Fishing Lessons: In Memory of DauDau
My grandmother was amazing. I know everyone thinks their own grandmother--or grandfather, or mom or dad--was amazing, but how many of them could do the splits at 70 years old? Or lean over and put their hands flat on the floor without bending their knees?
We called my grandmother "DauDau." Her real name was Camille Latham Burgess Campbell, descended from the Charles Latham family of Plymouth, NC. Charles built the pre-civil war era Latham House on the Roanoke River about 1837. As a toddler I remember visiting my grandmother's siblings when the home was still their private residence. I grew up feeling connected to something famous.
As a girl my grandmother exhibited her gymnastic skills by executing perfect hand springs from one end of the Latham House yard to another. She told us that the yard extended all the way to the river back then, but even if she was exaggerating, the property to this day spans the entire block between Main Street and Third.
When my sisters and I were little, we begged to hear my grandmother tell stories set in the Latham House. There was one about a little slave boy who froze to death because of his master's meaness, and another about Charles Latham's mother haunting him to stop his gambling and drinking ways. In high school I wrote a series of articles for our local weekly newspaper to share her stories, but the series stopped short when other descendants of the Latham's objected to the defamation of the historic family's character. DauDau admitted she made up all of the stories to entertain a gullible soldier who served with her in the Army.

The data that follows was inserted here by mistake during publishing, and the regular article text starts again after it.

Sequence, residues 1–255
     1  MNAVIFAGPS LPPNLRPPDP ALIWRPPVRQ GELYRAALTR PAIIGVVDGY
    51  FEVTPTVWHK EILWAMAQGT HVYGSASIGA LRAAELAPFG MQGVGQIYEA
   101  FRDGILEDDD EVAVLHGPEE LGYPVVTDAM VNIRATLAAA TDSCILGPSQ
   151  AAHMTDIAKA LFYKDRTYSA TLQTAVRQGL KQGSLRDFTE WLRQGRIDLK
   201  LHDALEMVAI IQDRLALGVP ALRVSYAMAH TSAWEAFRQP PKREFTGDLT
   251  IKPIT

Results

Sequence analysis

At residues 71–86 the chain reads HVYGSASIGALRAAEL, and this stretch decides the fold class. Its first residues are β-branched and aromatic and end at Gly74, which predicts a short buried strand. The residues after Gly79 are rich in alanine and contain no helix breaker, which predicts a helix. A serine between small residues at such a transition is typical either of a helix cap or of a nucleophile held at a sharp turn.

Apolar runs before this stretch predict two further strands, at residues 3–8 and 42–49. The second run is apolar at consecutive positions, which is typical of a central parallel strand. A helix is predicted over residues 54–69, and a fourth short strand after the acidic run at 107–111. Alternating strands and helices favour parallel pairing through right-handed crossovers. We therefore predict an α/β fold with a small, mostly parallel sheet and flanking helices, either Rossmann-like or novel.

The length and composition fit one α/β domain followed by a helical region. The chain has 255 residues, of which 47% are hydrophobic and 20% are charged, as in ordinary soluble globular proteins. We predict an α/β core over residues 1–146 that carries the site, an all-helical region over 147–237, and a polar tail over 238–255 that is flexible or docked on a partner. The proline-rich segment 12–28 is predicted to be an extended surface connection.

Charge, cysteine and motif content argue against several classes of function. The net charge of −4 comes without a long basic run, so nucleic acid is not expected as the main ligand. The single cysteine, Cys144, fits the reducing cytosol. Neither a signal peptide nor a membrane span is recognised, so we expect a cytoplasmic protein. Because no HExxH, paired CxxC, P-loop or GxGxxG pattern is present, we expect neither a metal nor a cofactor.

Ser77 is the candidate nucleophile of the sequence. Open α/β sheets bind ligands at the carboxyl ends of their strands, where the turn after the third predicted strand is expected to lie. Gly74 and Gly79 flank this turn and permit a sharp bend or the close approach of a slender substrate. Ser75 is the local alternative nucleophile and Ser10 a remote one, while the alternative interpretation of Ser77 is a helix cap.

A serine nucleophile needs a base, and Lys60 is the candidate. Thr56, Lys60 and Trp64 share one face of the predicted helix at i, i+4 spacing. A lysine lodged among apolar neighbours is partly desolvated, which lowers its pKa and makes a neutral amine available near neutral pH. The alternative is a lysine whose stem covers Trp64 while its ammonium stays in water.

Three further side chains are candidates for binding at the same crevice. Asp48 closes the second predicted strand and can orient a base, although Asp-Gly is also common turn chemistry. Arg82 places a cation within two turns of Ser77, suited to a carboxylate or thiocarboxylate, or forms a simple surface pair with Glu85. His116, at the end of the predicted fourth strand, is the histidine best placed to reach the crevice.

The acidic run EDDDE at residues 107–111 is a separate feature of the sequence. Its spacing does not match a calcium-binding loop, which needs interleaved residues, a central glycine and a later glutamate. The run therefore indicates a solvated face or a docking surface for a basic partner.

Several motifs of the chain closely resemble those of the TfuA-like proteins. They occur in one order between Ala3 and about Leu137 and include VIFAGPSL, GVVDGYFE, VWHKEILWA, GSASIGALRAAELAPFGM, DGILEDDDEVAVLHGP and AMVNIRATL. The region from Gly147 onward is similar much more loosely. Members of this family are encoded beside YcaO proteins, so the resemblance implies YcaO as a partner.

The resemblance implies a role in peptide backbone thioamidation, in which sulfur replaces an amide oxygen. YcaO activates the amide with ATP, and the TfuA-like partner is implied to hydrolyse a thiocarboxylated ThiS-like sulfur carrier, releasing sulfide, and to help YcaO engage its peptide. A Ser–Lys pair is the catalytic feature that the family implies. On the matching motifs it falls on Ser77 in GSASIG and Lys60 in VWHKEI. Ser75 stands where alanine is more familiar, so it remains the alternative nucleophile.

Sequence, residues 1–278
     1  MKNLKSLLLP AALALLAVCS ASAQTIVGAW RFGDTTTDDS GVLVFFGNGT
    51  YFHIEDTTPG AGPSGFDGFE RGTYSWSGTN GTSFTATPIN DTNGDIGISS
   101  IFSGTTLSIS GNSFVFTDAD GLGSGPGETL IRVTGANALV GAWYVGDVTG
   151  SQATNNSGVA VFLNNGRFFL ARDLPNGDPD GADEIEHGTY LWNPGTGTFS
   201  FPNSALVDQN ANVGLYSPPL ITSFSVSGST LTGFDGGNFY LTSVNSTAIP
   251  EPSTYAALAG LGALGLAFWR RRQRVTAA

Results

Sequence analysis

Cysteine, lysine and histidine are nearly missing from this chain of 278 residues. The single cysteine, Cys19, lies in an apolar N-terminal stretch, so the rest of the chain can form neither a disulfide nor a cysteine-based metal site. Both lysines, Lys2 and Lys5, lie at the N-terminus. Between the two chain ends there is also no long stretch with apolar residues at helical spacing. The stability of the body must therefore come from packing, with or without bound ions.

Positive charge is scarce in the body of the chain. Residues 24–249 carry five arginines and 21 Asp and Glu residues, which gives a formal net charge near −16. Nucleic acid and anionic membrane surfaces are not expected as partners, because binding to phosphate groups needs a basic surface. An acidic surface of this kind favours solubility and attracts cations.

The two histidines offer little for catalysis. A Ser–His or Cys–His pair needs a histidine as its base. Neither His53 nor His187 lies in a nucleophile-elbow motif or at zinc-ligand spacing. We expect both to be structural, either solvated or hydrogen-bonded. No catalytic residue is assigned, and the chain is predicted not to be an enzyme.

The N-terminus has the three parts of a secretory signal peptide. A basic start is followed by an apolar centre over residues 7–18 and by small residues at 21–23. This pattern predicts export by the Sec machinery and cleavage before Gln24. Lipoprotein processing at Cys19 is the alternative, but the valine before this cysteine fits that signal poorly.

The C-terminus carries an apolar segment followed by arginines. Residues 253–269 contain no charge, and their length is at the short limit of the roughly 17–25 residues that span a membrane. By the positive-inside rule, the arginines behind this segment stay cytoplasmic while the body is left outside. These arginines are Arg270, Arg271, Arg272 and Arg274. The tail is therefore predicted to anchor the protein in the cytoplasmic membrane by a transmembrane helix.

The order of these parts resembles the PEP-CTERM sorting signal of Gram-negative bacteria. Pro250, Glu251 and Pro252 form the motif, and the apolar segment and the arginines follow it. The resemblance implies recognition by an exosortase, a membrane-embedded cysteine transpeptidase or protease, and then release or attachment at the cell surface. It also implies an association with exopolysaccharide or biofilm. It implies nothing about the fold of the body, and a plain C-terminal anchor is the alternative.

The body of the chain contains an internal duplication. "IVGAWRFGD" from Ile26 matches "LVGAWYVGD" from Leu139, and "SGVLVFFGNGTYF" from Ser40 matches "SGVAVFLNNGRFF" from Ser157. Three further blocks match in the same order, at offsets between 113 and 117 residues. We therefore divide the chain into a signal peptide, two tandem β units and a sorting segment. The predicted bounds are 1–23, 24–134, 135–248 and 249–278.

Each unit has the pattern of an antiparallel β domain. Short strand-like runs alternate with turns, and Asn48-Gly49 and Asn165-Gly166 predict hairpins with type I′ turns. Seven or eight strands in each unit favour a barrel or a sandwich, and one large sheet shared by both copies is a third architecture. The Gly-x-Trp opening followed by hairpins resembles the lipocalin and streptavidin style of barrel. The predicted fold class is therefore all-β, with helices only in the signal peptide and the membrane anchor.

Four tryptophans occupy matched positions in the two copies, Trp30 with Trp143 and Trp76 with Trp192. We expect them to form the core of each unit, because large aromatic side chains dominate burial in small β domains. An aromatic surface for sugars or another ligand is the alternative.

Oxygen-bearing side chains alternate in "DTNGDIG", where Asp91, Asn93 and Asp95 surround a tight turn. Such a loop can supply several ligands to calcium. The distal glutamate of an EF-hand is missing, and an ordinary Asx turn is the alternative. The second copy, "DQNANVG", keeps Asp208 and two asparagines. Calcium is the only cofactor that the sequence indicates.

DauDau served in World War II as a truck driver in the Women's Army Corp where she met my grandfather. They were married January 10, 1944 at The Church of the Transfiguration, still known as "The Little Church around the Corner" in New York City. After they were both discharged, they lived for some time in my grandfather's home state of New York before DauDau brought him home to Plymouth and made a "damn yankee" out of him. "Damn" was the only curse word I ever heard my grandmother utter, when she affectionately explained the difference between a yankee and a damn yankee. The latter, of course, came down here and stayed.
I called my grandfather by his first name, since that's what I heard everyone else calling him. I'm not sure why I scrambled "grandma" into DauDau. Don and DauDau taught my sisters and me how to fish at Rose Bay near Swan Quarter. In the summertime, we would load up the blue Chevy van with dozens of fishing rods and reels, a cooler or two, folding chairs, and the utility cart that Don had customized to easily haul everything down the long pier.